February 23, 2016
Virdem malware, old viruses, Malware Museum

What's so fun about old malware? In just four days more than a hundred thousand people have visited The Malware Museum -- an online repository of classic malware, mostly viruses, that infected home computers in the 1980s and 90s. Working with archivist Jason Scott, Mikko Hyppönen -- our Chief Research Officer -- put together 78 examples finest/worst examples of old-school malware that includes emulations of the infections with the destructive elements removed so you can enjoy them safely. "I only chose interesting viruses," Mikko told BBC News. The result is "nerdy nostalgia," says PC Magazine's Stephanie Mlot. The exhibits feature clunky ASCII graphics, pot references and obscure allusions to Lord of the Rings. While an early ancestor of ransomware like Casino was willing to ruin your files and call you an "a**hole," it wasn't trying to extort any cash out of you. That's because the creators of these early forms of digital vandalism were amateurs in the truest sense of the world. They did it for the love of mayhem. We long for the days of "happy hackers," as Mikko calls them, because the malware landscape today is so ominous. "Most of the malware we analyze today is coming from organized criminal groups... and intelligence agencies," Mikko explained. To keep the memories of the good old days alive, we're going to make t-shirts celebrating some classic malware. And we'd like you to choose which viruses we should commemorate. CRASH V SIGN FLAME CASINO PHANTOM (Image via @danooct1) [polldaddy poll=9302985] If you appreciate the Museum, Mikko asks that you contribute to the Internet Archive. You can learn more about Malware from Mikko's Malware Hall of Fame. Cheers, Sandra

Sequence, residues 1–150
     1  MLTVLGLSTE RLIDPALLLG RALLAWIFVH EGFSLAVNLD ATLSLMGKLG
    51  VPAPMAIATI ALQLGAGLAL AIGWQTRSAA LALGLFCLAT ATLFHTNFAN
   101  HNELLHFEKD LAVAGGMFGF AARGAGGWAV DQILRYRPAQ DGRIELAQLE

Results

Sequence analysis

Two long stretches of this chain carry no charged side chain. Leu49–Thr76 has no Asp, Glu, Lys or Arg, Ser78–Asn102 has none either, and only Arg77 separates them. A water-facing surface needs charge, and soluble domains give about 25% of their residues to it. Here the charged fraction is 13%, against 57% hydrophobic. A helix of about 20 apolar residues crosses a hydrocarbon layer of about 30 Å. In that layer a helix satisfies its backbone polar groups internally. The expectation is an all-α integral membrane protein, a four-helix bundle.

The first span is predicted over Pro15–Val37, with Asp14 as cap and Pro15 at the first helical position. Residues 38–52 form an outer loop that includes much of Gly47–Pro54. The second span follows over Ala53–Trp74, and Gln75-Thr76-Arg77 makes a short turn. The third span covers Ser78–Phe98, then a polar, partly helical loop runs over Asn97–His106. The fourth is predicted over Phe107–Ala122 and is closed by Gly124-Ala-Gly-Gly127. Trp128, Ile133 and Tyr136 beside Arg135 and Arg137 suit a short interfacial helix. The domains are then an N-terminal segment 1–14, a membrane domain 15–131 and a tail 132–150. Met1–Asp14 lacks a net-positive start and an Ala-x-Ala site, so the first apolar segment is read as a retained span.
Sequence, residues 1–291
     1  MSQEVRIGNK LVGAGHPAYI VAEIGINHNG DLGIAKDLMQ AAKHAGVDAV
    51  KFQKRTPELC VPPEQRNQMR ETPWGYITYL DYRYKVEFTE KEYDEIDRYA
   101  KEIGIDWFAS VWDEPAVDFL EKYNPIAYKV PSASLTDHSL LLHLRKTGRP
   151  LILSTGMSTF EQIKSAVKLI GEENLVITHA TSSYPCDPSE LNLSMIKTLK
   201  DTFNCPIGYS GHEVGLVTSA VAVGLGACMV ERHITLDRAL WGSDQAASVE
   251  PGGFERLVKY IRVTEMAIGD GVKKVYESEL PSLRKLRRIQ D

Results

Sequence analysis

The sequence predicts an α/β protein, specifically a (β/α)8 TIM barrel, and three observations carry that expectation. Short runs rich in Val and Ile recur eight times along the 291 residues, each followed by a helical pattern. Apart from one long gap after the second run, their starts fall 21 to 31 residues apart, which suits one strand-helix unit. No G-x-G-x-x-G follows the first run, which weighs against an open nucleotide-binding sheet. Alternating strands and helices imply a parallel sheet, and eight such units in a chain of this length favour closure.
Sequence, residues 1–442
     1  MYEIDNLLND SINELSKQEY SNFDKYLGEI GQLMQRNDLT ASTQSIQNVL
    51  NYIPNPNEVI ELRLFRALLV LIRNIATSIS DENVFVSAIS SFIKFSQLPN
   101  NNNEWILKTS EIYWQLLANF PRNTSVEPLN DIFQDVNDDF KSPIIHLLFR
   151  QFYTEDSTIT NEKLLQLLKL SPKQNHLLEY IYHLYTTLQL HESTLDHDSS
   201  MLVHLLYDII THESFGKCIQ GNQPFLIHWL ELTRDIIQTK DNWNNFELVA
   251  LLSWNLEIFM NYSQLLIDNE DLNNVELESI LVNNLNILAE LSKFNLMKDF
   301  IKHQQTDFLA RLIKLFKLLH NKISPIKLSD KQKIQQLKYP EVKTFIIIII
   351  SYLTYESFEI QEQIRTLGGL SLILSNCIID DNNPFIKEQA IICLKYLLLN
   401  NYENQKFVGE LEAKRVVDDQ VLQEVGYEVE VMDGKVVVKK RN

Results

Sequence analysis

February 8, 2016
cloud-computing